What dark clouds gather over the pile of debt stacked by decades of mismanagement by the American populace and its sold-out leaders.
I sit here in my office surrounded by dire investment reports calling for the end of the financial system, warnings of a “cliff’s edge” dead ahead, a prediction of the US entering its own Greek-style default, and projections of another 70% fall to come in the stock market. Whew!
What’s an investor to do in such times? I suggest that taking a weekend for a good old fashioned fourth-of-July barbecue would be a starter. There’s no rush in this business, and I’d say that’s especially so these days. This economic malaise, whichever variety it turns out to be, won’t be over before you’ve had plenty of time to consider how you want to work it.
I suggest that you think about investments with a little safety built into them. For example, dividend-paying stocks are the gentlemanly way to go, as opposed to the piker route of pure capital appreciation. Dividend yields are fat now, so if you can put up with lots of price volatility to get 5-10% yield on companies that probably won’t disappear, it should eventually look to have been a smart move.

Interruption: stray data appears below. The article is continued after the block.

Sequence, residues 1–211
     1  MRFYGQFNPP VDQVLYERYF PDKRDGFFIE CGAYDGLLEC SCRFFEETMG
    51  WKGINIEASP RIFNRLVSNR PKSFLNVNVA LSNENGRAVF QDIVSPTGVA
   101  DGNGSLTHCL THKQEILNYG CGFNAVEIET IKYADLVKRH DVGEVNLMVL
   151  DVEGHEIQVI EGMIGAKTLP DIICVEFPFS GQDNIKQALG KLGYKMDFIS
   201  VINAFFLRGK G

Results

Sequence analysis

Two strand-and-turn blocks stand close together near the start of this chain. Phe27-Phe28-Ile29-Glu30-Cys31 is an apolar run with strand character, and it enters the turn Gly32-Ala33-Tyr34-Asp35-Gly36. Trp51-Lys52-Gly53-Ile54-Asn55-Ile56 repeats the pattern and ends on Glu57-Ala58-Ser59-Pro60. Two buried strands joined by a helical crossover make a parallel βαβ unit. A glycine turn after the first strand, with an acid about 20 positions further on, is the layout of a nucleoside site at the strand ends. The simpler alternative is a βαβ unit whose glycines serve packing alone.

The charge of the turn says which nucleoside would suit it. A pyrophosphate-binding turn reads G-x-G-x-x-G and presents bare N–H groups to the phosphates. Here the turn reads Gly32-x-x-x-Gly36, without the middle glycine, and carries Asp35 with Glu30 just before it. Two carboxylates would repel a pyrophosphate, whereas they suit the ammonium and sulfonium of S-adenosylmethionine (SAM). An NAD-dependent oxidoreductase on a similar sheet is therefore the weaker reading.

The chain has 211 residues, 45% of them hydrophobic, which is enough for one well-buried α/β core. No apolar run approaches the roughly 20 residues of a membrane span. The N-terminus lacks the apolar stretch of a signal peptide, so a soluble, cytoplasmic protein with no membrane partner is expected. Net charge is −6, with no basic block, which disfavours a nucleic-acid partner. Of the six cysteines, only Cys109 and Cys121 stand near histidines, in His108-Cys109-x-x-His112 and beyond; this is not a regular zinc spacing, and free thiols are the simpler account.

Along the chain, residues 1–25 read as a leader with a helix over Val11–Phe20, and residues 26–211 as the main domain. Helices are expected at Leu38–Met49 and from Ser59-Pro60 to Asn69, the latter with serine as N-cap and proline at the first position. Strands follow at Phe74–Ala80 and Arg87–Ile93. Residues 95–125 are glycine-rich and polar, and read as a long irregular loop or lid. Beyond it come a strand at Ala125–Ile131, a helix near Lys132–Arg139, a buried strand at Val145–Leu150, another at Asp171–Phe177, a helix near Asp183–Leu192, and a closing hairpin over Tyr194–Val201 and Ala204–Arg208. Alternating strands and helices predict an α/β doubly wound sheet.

Don’t forget real estate, either. I know, the housing market isn’t doing well these days, but isn’t that when you’d prefer to be a buyer rather than a seller? Prices seem to be falling again, depending on the area, and rates are still low. If you’re not ready to pull the trigger, at least aim the gun. Know what you want to buy and at what price and rate so that if the pieces of the shattered puzzle settle in at a moment of serendipity, you can pick up that gem of a place you thought you’d never get a shot at.
Finally, look at non-traditional investments like art and collectibles. They are the least affected by goofiness in Washington, and can do pretty well. Old movie posters for instance, outperformed every other “asset class” in the past decade, even though almost nobody considers them to be an asset class. Too bad there’s no check-box on your 401(k) sheet for old movie posters, eh?
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